3 Steps to a Better ROI on Pay

By Ken Gibson

Businessman using ROI Return on Investment indicator for improving business performance

Return on investment. How often is that term spoken of in business? It’s what shareholders expect. It’s what CEOs are paid to achieve. Yet, when it comes to compensation, return on pay is seldom referenced–and as a result, rewards programs are not typically held to account for their contribution to share value and growth as other corporate investments are. Well, we live in a business age where that lack of accountability isn’t acceptable anymore. So, let’s talk about how to improve things.

Investment return in business is driven by some combination of three factors: 1) new or increased revenue streams and sources; 2) improved margins, and; 3) and lowered expenses. Let’s use those standards to discuss three steps you can take to organize compensation in a manner that positively impacts its ROI.

  1. Pay Incentives from Productivity Profit. There is a sequence a company needs to work through to determine that portion of its profit that is attributable to the contribution of its workforce. That process should include the following:
    • Define a capital account. At a minimum, this should be made up of total shareholder contributions plus debt–and any other items owners deem to be related to their investment in the business.
    • Account for a capital charge. This is a percentage of the capital account that represents the return shareholders expect to receive before sharing value with employees. It’s the cost of capital if you will. Some companies use their borrowing rate for this while others plug in a number that owners agree best fits their investment expectations. Anything from 8 to 20% is common.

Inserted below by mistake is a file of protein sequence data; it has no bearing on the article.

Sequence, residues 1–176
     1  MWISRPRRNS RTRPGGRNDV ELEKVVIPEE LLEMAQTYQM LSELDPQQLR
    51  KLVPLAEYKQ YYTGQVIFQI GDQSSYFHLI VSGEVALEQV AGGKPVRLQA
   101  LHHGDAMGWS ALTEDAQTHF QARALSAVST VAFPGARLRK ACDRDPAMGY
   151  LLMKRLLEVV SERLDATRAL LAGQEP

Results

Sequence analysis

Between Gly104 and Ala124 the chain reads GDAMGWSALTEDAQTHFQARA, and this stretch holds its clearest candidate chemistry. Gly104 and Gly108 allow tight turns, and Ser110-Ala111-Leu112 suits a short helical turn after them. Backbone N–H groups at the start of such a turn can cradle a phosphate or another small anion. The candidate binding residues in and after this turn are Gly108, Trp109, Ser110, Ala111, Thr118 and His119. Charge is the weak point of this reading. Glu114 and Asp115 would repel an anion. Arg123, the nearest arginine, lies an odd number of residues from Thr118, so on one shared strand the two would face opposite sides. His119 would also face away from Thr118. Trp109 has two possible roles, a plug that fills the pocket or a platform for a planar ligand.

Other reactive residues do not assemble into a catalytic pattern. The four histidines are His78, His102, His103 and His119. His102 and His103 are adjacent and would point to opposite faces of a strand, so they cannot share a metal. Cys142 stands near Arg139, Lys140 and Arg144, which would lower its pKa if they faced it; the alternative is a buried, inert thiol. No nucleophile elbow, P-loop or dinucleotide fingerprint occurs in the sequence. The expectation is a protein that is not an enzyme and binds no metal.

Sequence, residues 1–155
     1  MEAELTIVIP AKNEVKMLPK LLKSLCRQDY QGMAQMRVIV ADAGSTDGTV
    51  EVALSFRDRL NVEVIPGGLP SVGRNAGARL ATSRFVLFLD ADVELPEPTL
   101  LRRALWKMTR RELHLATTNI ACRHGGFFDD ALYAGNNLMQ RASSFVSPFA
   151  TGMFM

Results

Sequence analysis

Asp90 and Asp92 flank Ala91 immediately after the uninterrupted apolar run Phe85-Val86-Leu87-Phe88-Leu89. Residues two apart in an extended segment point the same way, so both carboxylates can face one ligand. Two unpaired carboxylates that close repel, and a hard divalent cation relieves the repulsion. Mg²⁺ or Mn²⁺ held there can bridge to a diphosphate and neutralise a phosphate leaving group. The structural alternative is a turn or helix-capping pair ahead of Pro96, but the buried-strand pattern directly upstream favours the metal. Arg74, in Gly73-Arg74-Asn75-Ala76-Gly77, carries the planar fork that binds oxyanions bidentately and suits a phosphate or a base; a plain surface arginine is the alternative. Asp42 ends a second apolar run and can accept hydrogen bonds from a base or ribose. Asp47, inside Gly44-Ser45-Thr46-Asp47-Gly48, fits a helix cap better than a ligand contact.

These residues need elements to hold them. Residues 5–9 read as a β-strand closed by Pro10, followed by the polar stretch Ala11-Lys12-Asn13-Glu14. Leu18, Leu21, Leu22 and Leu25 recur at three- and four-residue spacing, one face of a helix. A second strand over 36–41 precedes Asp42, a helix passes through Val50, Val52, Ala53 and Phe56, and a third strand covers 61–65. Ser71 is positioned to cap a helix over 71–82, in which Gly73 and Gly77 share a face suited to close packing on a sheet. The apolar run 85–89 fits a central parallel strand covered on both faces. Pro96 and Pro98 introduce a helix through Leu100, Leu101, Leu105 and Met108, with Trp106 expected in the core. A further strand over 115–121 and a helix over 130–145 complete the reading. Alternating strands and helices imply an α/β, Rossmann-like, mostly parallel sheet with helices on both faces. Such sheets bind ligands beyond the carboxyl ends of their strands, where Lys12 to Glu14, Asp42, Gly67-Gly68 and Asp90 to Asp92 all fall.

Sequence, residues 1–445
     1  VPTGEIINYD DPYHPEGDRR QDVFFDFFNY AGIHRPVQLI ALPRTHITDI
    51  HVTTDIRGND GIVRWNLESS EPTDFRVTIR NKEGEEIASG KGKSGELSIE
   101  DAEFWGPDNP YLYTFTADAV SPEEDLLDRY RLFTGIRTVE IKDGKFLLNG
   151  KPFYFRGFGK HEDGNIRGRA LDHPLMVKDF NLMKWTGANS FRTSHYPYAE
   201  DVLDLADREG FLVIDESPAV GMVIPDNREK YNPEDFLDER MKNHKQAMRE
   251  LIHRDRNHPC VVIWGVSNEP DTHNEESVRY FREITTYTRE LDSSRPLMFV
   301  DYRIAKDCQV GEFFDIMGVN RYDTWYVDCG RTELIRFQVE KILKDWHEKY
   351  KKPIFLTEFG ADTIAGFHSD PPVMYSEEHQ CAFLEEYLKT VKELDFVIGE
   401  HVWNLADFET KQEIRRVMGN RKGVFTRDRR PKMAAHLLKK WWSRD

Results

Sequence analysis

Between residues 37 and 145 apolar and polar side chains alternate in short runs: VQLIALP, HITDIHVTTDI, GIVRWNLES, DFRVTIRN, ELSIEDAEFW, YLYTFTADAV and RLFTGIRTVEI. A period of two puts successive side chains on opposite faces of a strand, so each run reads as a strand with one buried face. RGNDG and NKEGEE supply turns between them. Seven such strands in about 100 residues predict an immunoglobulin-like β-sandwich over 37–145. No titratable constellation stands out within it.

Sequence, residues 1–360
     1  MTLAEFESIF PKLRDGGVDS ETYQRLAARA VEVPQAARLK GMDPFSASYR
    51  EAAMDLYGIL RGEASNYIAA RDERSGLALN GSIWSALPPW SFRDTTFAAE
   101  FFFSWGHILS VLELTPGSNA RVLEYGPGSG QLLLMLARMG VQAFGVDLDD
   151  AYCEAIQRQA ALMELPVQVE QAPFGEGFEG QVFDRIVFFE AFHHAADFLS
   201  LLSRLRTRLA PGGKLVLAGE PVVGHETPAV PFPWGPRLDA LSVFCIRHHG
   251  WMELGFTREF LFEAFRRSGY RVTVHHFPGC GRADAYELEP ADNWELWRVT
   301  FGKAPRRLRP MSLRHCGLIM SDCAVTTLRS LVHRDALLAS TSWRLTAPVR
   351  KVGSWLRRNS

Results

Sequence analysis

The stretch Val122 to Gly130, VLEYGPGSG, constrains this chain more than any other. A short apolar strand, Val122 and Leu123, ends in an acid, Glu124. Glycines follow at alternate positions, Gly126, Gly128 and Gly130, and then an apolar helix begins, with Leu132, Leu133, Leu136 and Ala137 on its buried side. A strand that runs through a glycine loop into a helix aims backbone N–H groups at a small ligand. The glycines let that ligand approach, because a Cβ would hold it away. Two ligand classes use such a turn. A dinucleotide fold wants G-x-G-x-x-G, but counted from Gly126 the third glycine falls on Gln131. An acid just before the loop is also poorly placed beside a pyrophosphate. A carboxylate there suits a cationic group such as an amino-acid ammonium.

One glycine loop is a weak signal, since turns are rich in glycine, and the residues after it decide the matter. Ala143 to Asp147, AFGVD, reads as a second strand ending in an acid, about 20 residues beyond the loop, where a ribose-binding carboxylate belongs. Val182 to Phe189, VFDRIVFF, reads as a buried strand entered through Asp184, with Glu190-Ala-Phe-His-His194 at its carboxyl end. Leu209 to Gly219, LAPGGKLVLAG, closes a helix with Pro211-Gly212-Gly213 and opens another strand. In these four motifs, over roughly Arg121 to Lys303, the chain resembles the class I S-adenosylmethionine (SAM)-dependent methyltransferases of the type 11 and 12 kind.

• Calculate your productivity profit.  This is arrived at by first applying the capital charge to the capital account and arriving at a number. Next, you will subtract that number from the net operating income of the business for the year. The difference is your productivity profit. The capital charge accounts for that part of the company’s profit that is attributable to the shareholder’s capital at work. The remainder can be credited to the impact of people at work.
    • Make sure incentives are paid out of productivity profit.  The previous three steps help you define what value creation means in your business. It happens once shareholders have received a pre-determined return on their capital investment. Until that level of performance is reached, the value should not be shared with employees. And all incentives should be paid out of productivity profit.
  1. Tie Metrics to ROI Factors.   When you build your annual incentive plan, make sure that the criteria you use supports the above-mentioned drivers of ROI.  Bonuses, for example, should only be paid if the performance of employees has contributed to increased or new revenues, better margins or lowered costs. This may require some effort in aligning specific roles and duties with ROI criteria.  It will also mean you need to spend time discussing ROI and value creation with employees, so the line of sight is reinforced and a unified financial vision is forged. But you can’t expect employees–on whom you rely to drive ROI–to be in sync with shareholder expectations if their pay doesn’t communicate and support how return on investment in business is derived.
  2. Make Profits a Center-Piece of Value Sharing.  Although that seems like an obvious guideline, you would be surprised how many organizations don’t adhere to it. Many a bonus payment has been made in years when a company is not even profitable. Likewise, organizations often introduce new pay plans or compensation changes without any reference to profitability standards or a guiding philosophy about value creation and sharing. Companies need profitability (either immediate or eventual) to be an important focus of their discussions about–and engineering of–incentive plans and other aspects of their total compensation construct. You can’t expect employees to be focused on the importance of profitability if their compensation is not tied to it.

If your organization will focus on these three guidelines in the development of a rewards philosophy and the construction of specific rewards strategies, you will find that shareholders and employees will experience greater alignment and compensation will become an enabler of company growth instead of a drain. Your ROI on pay will be measurable and improvable.